Corey Lewandowski, President Donald Trump’s informal adviser and fired campaign chief, quietly facilitated a highly lucrative deal between Poland’s top military contractors and one of the most elite lobbying shops in Washington, D.C., The Daily Beast has learned.
In the process, Lewandowski managed to spurn socialite Jill Kelley, a one-time associate of the U.S.’ top military official and a central figure in the 2012 sex scandal that brought down retired general David Petraeus.
The story, which was relayed to The Daily Beast by four sources familiar with the developments, is a strange chapter in the former Trump campaign manager’s career—a career that now finds Lewandowski consorting with a hub of lobbyists at the periphery of President Trump’s political circle—including some who work out of his Washington, D.C., home. It’s also a cartoonishly Washington tale, involving backstabbing in the city’s notorious influence industry, a glamorous socialite who was at the center of a historic sex scandal, and political operatives who arrived in D.C. pledging to drain the swamp, only to end up pocketing large sums in exchange for brokering multibillion-dollar weapons deals.
Lewandowski did not directly respond to multiple requests for comment. However, on Thursday morning, his attorney Peter Chavkin conveyed to The Daily Beast a message from his client.
“Mr. Lewandowski never met with or spoke to anyone” who worked at the defense contractor at the center of his dust-up with Kelley, Lewandowski stated, in the third person. Lewandowski, conspicuously, would not answer additional questions regarding any other Polish contacts that he may have had in pursuit of the lobbying deal.
The origins of the lobbying deal began in 2017, as Poland warily eyed increased Russian aggression in Eastern Europe and began looking to secure U.S.-made missiles for its domestic air defense systems. The Polish government and its state-owned arms contractor, Polska Grupa Zbrojeniowa (PGZ), sought assistance in Washington pertaining to Poland’s Wisla and Homar missile defense programs. Known in English as the Polish Armaments Group, PGZ is a conglomerate of 60 Polish defense companies.
In the spring of 2017, Kelley began telling associates that she would leverage a contact at the Polish Embassy to secure a lucrative business deal with the country’s government.
Kelley enjoys strong, and well-documented, contacts in the U.S. defense community. Her relationships played heavily into her role in the scandal that brought down Petraeus and embroiled high-level military officials in tabloid intrigue involving the retired general’s one-time mistress, Paula Broadwell. Kelley also has served as a ceremonial diplomatic liaison to James Mattis, a retired Marine Corps general and currently the secretary of defense, which would have made her an appealing voice in Washington for Poland’s arms industry.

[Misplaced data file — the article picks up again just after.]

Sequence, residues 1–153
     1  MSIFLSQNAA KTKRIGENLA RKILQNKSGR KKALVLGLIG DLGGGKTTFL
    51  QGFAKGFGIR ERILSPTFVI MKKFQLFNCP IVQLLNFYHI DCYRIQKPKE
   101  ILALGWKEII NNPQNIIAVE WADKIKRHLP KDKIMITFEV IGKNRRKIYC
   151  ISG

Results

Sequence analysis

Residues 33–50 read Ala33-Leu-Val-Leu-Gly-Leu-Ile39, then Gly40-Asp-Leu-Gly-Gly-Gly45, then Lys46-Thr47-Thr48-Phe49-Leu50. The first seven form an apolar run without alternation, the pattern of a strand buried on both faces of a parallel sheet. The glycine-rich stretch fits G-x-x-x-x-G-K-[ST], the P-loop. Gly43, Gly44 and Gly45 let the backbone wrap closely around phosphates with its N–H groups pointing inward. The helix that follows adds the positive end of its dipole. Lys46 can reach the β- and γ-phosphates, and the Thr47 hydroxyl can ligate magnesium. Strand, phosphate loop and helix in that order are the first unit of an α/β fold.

PGZ did not respond to questions about Kelley and its broader D.C. lobbying footprint. But according to two sources familiar with Kelley’s conversations with associates, she said one of her contacts worked as a military attaché in Poland’s embassy in Washington.
“Jill Kelley is someone who has served her country in a number of capacities… [and] she has gained a number of very high-level contacts [with whom] she in the last year has chosen to begin discussions through her firm,” Brett Bruen, her representative, told The Daily Beast. “And while her work is still very much in the early stages, I think it is clear there are a number of very senior folks who seek her counsel and who are interested in her support. I will say to date she has not engaged in any paid work on behalf of a sovereign nation. She has done what she has done for many years, which is connect people.”
It’s not entirely clear why Kelley turned to Lewandowski for help on the matter. Though part of the reason, a source with direct knowledge says, is that Lewandowski was one of the marquee names within the Trump orbit—a world in which few of the more established D.C. power brokers enjoyed strong inroads.
When Kelley and Lewandowski first began discussing the deal, it was months into the Trump presidency. Lewandowski had already carved out a niche for himself as someone with personal access to the president for potential clients of Avenue Strategies, the lobbying firm he unveiled days after Trump’s inauguration. Four months after starting that firm, he resigned from it, reportedly over differences with his co-founder, fellow former Trump campaign hand Barry Bennett. He went on to start his own firm, Lewandowski Strategic Advisors, which provides political intelligence but does not officially lobby policymakers on behalf of its clients.